WGA Strike - Day 38
Still, the "temperature" went up dramatically when our rag-tag picketers were confronted by a remarkably angry fellow who launched into a salvo about "residuals." As in (and this is paraphrased, but pretty close), "you writers, you all get residuals, right? So when the networks all go into reruns in 2008, you'll all make a ton of a money! Meaning you'll actually do better during the strike! You're not risking anything while you're putting everyone else out of work!" He ramped this up to a self-satisfied crescendo, like he had divined the subterfuge of the writers and figured out the DiVinci code all in the same moment.
This one's right up with the costume designer who complained on the radio that writers shouldn't bother striking because they all make "five million dollars a year." Which is kind of like suggesting all costume designers must be making millions, because Ralph Lauren is doing pretty well, right? I'm not sure the point can be made any clearer -- not all writers make millions. Not all writers make thousands. And anyone with any sort of career has experienced wild ups and downs regardless, so "doing well" one year can be followed by "nada" the next.
But I'm not pleading poverty here, and the members of the WGA are painfully aware of the damage wrought by a strike. More painfully aware, I might suggest, than the negotiators on the other side who have walked away from the table twice now in a manufactured huff over some issue or another. If you're going to be enraged, how about saving a drop of spittle for the other team?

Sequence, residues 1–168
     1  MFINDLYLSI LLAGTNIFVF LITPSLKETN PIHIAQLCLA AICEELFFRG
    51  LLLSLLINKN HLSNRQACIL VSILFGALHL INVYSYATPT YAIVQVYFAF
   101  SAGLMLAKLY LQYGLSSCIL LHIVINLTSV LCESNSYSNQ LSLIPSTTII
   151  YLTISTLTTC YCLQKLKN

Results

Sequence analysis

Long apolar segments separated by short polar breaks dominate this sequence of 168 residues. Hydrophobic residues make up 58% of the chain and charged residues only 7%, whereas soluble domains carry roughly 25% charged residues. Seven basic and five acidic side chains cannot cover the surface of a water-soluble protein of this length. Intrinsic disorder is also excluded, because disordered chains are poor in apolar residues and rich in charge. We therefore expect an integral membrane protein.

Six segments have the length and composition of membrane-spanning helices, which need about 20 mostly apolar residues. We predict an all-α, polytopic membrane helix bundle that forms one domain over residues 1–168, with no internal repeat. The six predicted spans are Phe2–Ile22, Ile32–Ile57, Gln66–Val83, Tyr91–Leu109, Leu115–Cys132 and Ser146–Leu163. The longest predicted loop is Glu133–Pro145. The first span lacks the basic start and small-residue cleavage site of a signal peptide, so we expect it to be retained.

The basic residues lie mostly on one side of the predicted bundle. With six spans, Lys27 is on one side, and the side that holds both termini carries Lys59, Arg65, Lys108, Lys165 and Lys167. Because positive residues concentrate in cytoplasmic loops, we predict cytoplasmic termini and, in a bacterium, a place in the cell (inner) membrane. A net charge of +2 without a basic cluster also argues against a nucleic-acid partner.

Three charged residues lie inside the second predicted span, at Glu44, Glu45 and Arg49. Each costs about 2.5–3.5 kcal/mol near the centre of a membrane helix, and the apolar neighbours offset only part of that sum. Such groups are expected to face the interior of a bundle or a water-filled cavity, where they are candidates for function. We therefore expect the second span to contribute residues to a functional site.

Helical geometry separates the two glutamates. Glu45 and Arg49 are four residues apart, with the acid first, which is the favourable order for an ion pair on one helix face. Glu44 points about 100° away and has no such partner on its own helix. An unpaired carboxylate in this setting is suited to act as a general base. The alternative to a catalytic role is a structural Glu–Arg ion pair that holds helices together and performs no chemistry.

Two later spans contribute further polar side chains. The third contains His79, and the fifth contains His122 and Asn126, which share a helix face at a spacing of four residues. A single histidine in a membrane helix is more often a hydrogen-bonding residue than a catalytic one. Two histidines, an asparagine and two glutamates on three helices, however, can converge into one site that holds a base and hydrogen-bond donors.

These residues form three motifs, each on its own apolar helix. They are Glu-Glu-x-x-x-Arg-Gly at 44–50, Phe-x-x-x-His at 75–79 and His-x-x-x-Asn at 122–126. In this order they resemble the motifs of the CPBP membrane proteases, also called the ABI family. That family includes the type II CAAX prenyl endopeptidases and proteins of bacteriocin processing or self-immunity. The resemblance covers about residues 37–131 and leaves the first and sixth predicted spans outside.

As far as the residual issue goes, well, a few points. One, the networks aren't planning to flood the airwaves with drama/sitcom reruns in 2008, they're putting together a flotilla of really exciting reality shows. But to answer Mr. Really-Angry's question, yes, if a WGA covered show is rerun, then there are residuals paid to the writer who wrote that particular show. But "writers" are not some monolithic group who all get residuals all the time, so the vast majority of writers who haven't worked in television or aren't currently working on a show that's UP for a rerun won't see anything from this supposed boon. Same goes if you're a feature writer (unless your feature is run on television), haven't anything produced yet, etc., etc.
So if you want to talk about what strikers have put on the line, here's the deal. Staffers who had been working on television shows aren't getting paid. Guys who were in the middle of writing features aren't getting paid. Show-runners who were running shows aren't getting paid. Yes, some residuals may still trickle in, but to suggest they will make up for the shortfall from the other losses is specious to say the least.
I guess Mr. Furious will have to work up a new talking point for his next visit...